Plan B has been set, it’s Plan A that requires attention and that means playing against deep defensive blocks. That is the challenge Arsenal will face more than any other next season. Willian is very handy in this respect because of his ability to hold width and stretch defences and his ability to by-pass full-backs in short spaces. Arteta highlighted, “His ability to play in those tight spaces, his ability to play people through, to unlock, to drive with the ball and create overloads.”
At international level, he was considered a key cog in the Brazil team because he provided a counter-balance to Neymar on the left, who has a lot of freedom to move inside. This changed a little once Tite took over the reigns of the team in 2016- Tite is a coach that prefers a ‘box-shaped’ attacking strategy, eschewing the more traditional wide player. Willian’s place on the right was given to Phillipe Coutinho because Tite preferred Coutinho’s tendency to move inside.
Willian is an outside player and if that is what Arteta wants, for the time being at least, he has secured one of the ‘purest’ examples in the Premier League. Arsenal do not have a lot of experienced depth in the forward positions. For the FA Cup semi-final and final Arteta left most of the Hale End graduates on the bench, favouring experience in their stead.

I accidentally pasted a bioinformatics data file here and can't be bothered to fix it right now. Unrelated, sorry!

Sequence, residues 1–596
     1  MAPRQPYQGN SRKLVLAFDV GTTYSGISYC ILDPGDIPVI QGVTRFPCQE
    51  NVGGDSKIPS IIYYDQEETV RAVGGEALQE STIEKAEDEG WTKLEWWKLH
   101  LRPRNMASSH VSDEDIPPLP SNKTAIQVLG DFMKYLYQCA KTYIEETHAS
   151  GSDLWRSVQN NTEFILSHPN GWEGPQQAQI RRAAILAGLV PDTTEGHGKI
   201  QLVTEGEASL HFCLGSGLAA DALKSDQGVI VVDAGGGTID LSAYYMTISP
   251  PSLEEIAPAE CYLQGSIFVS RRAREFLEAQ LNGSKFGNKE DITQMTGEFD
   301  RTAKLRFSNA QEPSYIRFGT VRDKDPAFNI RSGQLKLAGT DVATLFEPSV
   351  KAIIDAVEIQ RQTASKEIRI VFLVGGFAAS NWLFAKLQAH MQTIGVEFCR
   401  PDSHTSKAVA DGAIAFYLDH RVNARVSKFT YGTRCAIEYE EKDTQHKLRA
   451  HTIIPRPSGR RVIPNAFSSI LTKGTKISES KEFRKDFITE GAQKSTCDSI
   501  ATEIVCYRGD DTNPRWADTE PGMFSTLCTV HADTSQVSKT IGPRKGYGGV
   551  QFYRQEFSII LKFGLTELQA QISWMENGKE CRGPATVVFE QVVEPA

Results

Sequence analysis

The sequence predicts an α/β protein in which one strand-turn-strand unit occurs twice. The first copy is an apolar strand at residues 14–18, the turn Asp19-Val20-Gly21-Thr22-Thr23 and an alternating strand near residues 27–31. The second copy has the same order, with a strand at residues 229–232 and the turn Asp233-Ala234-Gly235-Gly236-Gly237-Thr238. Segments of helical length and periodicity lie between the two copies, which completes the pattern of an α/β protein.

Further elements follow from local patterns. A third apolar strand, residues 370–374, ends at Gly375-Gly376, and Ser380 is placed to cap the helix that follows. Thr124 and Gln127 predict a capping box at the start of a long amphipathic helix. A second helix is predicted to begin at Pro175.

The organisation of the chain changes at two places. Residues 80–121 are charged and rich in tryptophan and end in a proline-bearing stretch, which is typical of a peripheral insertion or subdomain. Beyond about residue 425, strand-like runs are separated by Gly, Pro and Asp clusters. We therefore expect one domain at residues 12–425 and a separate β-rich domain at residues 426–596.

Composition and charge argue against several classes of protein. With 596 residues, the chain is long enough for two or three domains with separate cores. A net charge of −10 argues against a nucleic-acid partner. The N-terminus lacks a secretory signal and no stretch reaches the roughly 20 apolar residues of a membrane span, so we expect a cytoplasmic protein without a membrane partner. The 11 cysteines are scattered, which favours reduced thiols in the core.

Arsenal led both of those games going into the final quarter, had the Gunners really required an increased attacking presence in either of those games, Arteta would have had Bukayo Saka, Eddie Nketiah, Reiss Nelson and Joe Willock to turn to. Next season you can probably add Emile Smith-Rowe and Gabriel Martinelli to that, which adds depth but not experience.
The Arsenal squad does have a collection of players at the ‘experienced’ end of the spectrum. Sokratis is 32, Özil is 31, Aubameyang is 31 and David Luiz is 33. Sokratis and Özil are no longer wanted and Luiz only has a one-year deal. It’s fair to question whether too much experience exited the squad last summer with the departures of Nacho Monreal and Laurent Koscielny.